On a quarterly basis, the IT team decided to hold a meeting with the manager and the CEO of the company to present the progress in compliance with the OKRs and agree on the OKRs for the next quarter, validating that there was no change in strategy in the company.

4. Be transparent It’s very important that every team track their progress against their objectives and makes the results and the progress transparent to everyone. Transparency makes objectives observable across all levels and shows everyone how they align with the rest of their department and motivates one another to accomplish their objectives.

The IT team decided to paste the OKRs on the walls of the company using a canvas that would also allow them to record the progress in their compliance.

5. Evaluate performance consistently In order to be fair and avoid any confusion, you should use the same approach in the evaluation of key results across the whole organization, so the success of key results is calculated the same way for all teams.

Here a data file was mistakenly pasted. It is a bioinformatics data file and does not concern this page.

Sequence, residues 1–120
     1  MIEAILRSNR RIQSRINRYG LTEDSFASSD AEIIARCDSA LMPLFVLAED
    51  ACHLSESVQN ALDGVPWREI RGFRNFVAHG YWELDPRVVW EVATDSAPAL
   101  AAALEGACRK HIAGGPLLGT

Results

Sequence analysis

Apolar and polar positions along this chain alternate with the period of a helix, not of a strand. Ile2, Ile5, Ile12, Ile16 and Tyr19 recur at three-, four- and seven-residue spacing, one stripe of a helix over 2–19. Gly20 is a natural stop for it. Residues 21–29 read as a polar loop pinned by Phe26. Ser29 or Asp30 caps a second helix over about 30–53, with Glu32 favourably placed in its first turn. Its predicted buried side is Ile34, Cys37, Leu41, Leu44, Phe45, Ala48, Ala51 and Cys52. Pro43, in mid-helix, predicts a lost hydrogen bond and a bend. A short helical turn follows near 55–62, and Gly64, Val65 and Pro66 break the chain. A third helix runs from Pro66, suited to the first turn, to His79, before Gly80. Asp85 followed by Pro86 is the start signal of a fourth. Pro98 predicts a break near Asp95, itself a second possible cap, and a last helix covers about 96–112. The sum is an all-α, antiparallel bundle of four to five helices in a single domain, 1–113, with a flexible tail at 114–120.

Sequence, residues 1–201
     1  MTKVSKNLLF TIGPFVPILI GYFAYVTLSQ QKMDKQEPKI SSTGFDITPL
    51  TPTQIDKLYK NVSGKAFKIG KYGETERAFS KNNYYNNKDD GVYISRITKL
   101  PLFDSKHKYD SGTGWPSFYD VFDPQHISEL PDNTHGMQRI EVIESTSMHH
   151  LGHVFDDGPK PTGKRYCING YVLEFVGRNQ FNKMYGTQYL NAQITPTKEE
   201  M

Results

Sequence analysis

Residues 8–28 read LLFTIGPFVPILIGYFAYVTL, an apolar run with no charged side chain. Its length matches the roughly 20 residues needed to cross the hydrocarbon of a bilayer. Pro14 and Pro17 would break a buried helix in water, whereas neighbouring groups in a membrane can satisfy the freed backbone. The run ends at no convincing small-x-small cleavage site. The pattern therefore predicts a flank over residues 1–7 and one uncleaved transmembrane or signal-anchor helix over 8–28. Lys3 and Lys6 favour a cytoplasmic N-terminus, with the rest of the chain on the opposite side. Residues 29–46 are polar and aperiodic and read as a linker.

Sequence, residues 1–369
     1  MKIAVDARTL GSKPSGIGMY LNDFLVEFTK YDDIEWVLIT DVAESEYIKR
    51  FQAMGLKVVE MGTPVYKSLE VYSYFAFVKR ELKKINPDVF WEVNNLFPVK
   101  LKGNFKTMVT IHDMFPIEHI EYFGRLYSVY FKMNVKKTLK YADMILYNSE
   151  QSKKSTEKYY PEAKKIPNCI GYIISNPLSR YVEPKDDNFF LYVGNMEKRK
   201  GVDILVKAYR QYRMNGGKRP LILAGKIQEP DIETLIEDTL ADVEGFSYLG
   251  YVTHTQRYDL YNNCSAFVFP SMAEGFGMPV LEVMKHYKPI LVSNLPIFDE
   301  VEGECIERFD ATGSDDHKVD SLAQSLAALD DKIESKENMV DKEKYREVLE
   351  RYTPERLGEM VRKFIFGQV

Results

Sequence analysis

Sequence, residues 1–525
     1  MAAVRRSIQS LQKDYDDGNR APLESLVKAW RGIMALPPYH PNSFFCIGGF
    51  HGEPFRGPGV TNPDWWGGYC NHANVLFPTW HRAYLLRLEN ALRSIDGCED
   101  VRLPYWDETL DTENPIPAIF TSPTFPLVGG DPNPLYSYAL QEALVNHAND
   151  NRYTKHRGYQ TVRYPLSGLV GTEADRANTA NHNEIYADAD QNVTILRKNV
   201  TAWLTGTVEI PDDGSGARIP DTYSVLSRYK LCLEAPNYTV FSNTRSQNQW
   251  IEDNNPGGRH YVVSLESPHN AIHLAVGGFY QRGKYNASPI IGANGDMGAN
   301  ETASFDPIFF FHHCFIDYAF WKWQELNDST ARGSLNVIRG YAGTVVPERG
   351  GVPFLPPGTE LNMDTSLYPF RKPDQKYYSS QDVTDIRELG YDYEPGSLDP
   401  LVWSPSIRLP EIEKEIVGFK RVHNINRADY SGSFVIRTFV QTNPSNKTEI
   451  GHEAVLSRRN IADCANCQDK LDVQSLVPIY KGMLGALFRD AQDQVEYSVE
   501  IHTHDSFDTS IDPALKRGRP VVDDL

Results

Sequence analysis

Taking into account that IT is the first team to work with OKR, the performance began to be evaluated with its own methodology in the weekly retrospectives of the team, applying what was defined in point 1. These evaluations were communicated to the IT Manager.

6. Be accountable Hold each team accountable for achieving their objectives. Mistakes are unavoidable, so you must expect them and push through with encouragement. Retrospectives are a great way to learn and improve.